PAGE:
LBA, Teesta poll issues: Moni

Foreign Minister Dipu Moni has said Bangladesh is keen to settle the outstanding land boundary issues with India and looks forward to the passage of a bill that India’s ruling UPA coalition is going to place in Parliament’s monsoon session beginning Aug 5.

The bill is needed to be pushed through to operationalise the agreement already signed between India and Bangladesh.

“I am sure all parties in India will see the merit in solving the outstanding boundary issues which have lingered long enough,” Moni told journalists in New Delhi on Friday.

“If this bill does not go through and if the Teesta water-sharing deal is not signed, they will surely become important issues in the rundown to parliament elections in my country,” Moni said, hinting at the obvious discomfort of the ruling Awami league with such a scenario.

The Teesta water-sharing treaty has been kept ready by the Indian government but stiff opposition by West Bengal Chief Minister Mamata Banerji has prevented New Delhi from going ahead with it.

“People when they vote will take it into account. It will happen,” she said about the land boundary and the Teesta issues, hours before her meeting with Indian Foreign Minister Salman Khurshid and opposition BJP’s leader in Rajya Sabha (Upper House) Arun jaitley.

The Congress-led UPA does not have two-thirds majority needed to pass the bill to operationalise the land boundary deal and would need the BJP’s support to clear the hurdle.

Moni said unresolved territorial issues lead to border tensions and even skirmishes and that causes bad blood between the two neighbours.

A senior official at India’s Ministry of External Affairs said Bangladesh’s politicians and media were “understanding” of India’s failure to honour its commitments, partly because of the progress made in bilateral relations.

But when told that failure to get these treaties implemented would harm the Awami League in the forthcoming polls, the official said:” We can only make our best efforts. It is up to the political parties to understand how much we have at stake in Bangladesh.”

Bats for ‘Basin Regime’

Earlier on Thursday, Dipu Moni delivered the Fourth R K Mishra Memorial Lecture organised by the Observer Research Foundation, one of India’s top think-tanks.

Moni called for a common Ganges-Brahmaputra-Meghna Basin ERegime among Bangladesh, India and other neighbours.

Bangladesh had first proposed the idea early last year.

India was initially lukewarm to the proposal and has since warmed up to the idea. The basin regime would include all countries such as Bhutan, Nepal, Myanmar and China — from the upper reaches to the Bay of Bengal.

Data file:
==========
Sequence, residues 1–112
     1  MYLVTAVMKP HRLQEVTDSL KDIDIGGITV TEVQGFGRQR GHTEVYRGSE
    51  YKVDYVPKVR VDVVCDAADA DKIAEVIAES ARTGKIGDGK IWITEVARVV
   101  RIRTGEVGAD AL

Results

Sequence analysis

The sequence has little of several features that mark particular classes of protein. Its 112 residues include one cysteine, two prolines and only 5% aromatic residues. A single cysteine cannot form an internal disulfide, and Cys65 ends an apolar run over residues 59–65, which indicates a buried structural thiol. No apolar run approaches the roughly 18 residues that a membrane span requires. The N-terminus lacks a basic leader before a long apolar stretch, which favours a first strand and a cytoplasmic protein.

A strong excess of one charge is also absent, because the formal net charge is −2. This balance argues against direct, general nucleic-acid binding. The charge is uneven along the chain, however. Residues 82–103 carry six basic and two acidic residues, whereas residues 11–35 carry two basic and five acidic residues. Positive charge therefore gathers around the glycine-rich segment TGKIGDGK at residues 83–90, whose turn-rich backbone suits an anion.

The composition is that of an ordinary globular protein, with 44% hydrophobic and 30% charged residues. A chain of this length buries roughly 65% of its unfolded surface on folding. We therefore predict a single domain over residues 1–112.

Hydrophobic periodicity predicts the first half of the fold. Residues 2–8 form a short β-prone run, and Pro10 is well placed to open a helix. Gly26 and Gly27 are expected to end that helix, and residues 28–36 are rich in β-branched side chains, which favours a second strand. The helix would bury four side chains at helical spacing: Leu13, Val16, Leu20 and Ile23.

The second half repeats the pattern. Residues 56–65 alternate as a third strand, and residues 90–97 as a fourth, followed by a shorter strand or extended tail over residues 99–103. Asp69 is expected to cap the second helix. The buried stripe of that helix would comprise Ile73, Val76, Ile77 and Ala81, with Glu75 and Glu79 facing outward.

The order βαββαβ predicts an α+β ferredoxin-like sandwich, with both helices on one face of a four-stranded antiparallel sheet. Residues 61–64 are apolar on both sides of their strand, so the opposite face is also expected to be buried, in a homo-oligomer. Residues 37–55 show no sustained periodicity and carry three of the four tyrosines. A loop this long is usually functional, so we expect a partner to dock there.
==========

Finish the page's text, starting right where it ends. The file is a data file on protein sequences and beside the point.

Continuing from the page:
A “Basin regime,” Moni suggested, would enable a holistic approach rather than a case-by-case approach to cross-border rivers.

The concept could also include joint undertakings in the sea-regime including the sea bed. But the basin regime concept does not preclude bilateral arrangements with India nor does it undermine the global order.

She called for a new paradigm of governance in South Asia, especially between India and Bangladesh.

“The new paradigm will usher in a new plateau for new undertakings which were not possible either before 1947 or 1971 or even before the present new era of confidence, nexus, and trust which we now share amongst ourselves,” she said.

The Foreign Minister said the paradigm will help address competing regional issues beyond Indo-Bangladesh bilateral concerns.

“To our advantage, our present dispensation is already marked by the restoration of the glorious bonds which existed at the time of the creation of Bangladesh.”

The Framework for Cooperation, that has been recently adopted, signifies the establishment of a New Bilateral Order between the governments and the people of India and Bangladesh, she said.

Moni pushed for the basin regime on grounds that it will help “connect our nations to our ancient civilisations and obviate limitations caused by nation-based approaches that aggravate conflict.”

The Foreign Minister said the Basin regime would integrate many economic and cultural processes.

“I wish, hope for and envisage the great matrix of special human processes in conceding to the ever natural Ganges-Brahmaputra-Meghna Basin regime,” Dipu Moni during the lecture.

Source: Bd news24


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